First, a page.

RE: [PATCH] C undefined behavior fix

From: Bernard Dautrevaux (
Date: Mon Jan 07 2002 - 14:17:11 EST

> -----Original Message-----
> From: mike stump []
> Sent: Monday, January 07, 2002 7:39 PM
> To:;;
> Cc:;;
> Subject: RE: [PATCH] C undefined behavior fix
> > From: Bernard Dautrevaux <>
> > To: "''" <>,
> > Cc:,,
> >
> > Date: Mon, 7 Jan 2002 14:24:35 +0100
> > Truly sure; In fact when writiong our Real Time Kernel in C++ we
> > just had this problem, and had to "hack" GCC C and C++ compilers so
> > that volatile acesses are guaranteed to be done with the right size,
> > even in case of bit fields in fact.
> Did your case include more than bitfields? I recognize that bitfields
> have two possible semantics, and that you and gcc may have different
> opinions about the semantics of them. I discount the alternative
> choice of semantic as being an example of this problem. Roughly
> speaking, as I recall... The two semantics are, the base type of the
> bitfield defines the mode in which memory is accessed and the smallest
> size supported that contains the bitfield defines the access.
> struct { unsigned int field:8; };
> would be a 32 bit access, versus
> struct { unsigned int field:8; };
> would be an 8 bit access.

AFAIR, we'd got an 8 bit access there, which was wrong in view of the fact
we use this to access memory mapped registers that only accept word
accesses. Also this was quite long ago (on gcc-2.95.3); we're in the process
of migrating to 3.0 but that takes some time as we have to make other
changes in the compiler.

Also note that even with the volatile keyword, it seems legal (although I
doubt that GCC does it) to access two adjacent, properly aligned, volatile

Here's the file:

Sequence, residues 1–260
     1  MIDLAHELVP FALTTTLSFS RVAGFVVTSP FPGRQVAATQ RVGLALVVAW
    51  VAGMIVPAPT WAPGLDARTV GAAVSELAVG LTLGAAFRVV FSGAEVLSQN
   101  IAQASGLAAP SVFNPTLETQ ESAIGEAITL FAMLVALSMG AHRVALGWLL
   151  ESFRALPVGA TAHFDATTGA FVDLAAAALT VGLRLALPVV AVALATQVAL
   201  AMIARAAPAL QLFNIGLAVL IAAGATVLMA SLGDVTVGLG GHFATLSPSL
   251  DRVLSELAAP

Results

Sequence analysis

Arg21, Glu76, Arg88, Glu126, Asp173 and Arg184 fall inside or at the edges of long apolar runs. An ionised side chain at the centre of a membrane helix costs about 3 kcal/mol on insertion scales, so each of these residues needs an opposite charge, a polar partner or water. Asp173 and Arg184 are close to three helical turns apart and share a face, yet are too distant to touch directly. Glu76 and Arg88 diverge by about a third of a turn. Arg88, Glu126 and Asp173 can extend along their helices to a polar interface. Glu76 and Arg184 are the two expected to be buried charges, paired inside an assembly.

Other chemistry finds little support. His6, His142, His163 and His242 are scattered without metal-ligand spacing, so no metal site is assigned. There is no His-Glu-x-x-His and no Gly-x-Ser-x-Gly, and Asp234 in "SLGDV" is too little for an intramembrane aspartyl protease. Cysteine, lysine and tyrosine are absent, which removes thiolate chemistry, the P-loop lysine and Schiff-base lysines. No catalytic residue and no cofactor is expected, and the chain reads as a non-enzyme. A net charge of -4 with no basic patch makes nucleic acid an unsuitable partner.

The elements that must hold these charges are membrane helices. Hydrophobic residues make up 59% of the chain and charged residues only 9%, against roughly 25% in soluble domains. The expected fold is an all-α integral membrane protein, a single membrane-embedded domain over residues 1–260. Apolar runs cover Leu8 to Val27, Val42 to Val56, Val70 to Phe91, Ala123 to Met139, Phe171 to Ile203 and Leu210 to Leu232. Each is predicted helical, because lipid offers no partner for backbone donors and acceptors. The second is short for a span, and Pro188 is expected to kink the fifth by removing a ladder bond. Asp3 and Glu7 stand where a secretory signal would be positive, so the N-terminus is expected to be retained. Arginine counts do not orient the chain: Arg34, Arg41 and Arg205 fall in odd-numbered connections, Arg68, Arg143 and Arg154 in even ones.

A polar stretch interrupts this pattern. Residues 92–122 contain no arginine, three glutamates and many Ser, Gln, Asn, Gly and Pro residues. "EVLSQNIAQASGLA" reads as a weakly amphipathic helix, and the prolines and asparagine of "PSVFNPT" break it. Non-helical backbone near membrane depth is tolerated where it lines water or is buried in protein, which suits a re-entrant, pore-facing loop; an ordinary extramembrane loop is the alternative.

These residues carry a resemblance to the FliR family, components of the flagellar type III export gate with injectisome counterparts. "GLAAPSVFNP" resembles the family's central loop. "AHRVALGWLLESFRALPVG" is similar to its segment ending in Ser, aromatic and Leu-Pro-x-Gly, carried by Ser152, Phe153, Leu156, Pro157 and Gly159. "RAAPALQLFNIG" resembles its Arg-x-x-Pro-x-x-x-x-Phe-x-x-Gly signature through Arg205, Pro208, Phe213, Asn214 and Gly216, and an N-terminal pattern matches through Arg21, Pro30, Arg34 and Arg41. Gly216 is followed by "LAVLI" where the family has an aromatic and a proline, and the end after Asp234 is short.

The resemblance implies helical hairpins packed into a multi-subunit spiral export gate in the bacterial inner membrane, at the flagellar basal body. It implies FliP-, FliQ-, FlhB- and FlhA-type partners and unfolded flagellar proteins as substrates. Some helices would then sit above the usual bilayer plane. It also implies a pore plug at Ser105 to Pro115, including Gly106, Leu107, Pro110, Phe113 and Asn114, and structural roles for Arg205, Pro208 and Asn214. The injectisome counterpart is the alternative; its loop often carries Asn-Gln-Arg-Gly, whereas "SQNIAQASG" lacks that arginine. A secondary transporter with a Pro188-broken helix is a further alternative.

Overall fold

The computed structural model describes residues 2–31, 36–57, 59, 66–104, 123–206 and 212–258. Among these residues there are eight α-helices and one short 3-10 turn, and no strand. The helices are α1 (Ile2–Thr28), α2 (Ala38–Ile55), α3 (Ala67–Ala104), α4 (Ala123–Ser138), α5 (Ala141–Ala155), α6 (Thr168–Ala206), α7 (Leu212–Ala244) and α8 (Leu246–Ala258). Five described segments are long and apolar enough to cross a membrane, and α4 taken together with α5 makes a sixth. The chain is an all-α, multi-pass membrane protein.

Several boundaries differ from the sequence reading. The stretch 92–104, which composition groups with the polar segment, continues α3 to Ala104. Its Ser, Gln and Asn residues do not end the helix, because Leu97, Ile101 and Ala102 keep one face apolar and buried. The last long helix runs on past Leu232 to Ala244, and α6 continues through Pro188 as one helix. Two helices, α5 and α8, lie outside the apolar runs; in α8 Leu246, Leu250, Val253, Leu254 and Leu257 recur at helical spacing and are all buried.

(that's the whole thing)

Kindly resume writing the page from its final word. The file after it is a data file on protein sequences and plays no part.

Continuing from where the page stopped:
char as one word, especially if the result is placed in one resulting
variable as if you have:

        struct { unsigned short a; volatile unsigned char x; volatile
unsigned char y; } *p;
        unsigned short z = x << 8 | y;

Here it seems that all the C standard requirements for volatile are
fulfilled if the compiler just read a word in z (and that's a big win on a
big-endian architecture); however from a system programmer point of view
this could cause headaches if the memory mapped register only accept byte
accesses... (hopefully this is quite rare; the opposite is more frequent:
only accept word access and get byte access due to bitfields or masking).

> If gcc doesn't do one of them, it truly is broken (if the machine
> supports the access of course). I would like to know if gcc is truly
> broken.

gcc obvioulsy does one of those; but using the smallest size access is a
nuisance for system programming and a very small win (if any) for standard
applications (who anyway seldom use the volatile keyword, except in
multithreaded code, but then often read/write from the cache).

> > Using volatile (and expanding its semantics to mean: read and write
> > with the requested size) was a great help.
> In gcc, it already means that. If you think otherwise, I'd like to
> see the example that shows it.

I don't have access right now to a gcc-3.0 compiler, but I try it just now
on 2.95.3 (i386), compiling by "gcc -S -O2 test.c" (a quite common set of
options isn't-it?).

First case:

reading an 8-bits bitfield declared as unsigned int (32 bit mmio register),
GCC generate 8-bit access to the memory:

struct x {
 volatile unsigned int x1:8;

unsigned char f1(struct x* p) {
 return p->x1;

 .file "tst1.c"
 .version "01.01"
 .align 4
.globl f1
 .type  f1,@function
 pushl %ebp
 movl %esp,%ebp
 movl 8(%ebp),%eax
 movl %ebp,%esp
 popl %ebp
 movb (%eax),%al
 movzbl %al,%eax
 .size  f1,.Lfe1-f1
 .ident "GCC: (GNU) 2.95.3-5 (cygwin special)"

Second case:

Reading part of a volatile unsigned int (32 bits) with an 8-bit access:

void f(unsigned int* p, unsigned char* q) {
 *q = *p;


 .file "test2.c"
 .version "01.01"
 .align 4
.globl f
 .type  f,@function
 pushl %ebp
 movl %esp,%ebp
 movl 8(%ebp),%eax
 movl 12(%ebp),%edx
 movl %ebp,%esp
 movb (%eax),%al
 movb %al,(%edx)
 popl %ebp
 .size  f,.Lfe1-f
 .ident "GCC: (GNU) 2.95.3-5 (cygwin special)"

Maybe 3.0 is avoiding the byte accesses? that would be fine, at least for me

Note that I were not able to cause gcc to collapse two byte accesses as one
16-bit one but I may not have tried hard enough...

Clearly the code generated by gcc above IS FULLY ANSI-C conforming.
Obviously when writing system code, one would like a bit more strict
interpretation of volatile.



Bernard Dautrevaux
Microprocess Ingenierie
97 bis, rue de Colombes
Tel: +33 (0) 1 47 68 80 80
Fax: +33 (0) 1 47 88 97 85
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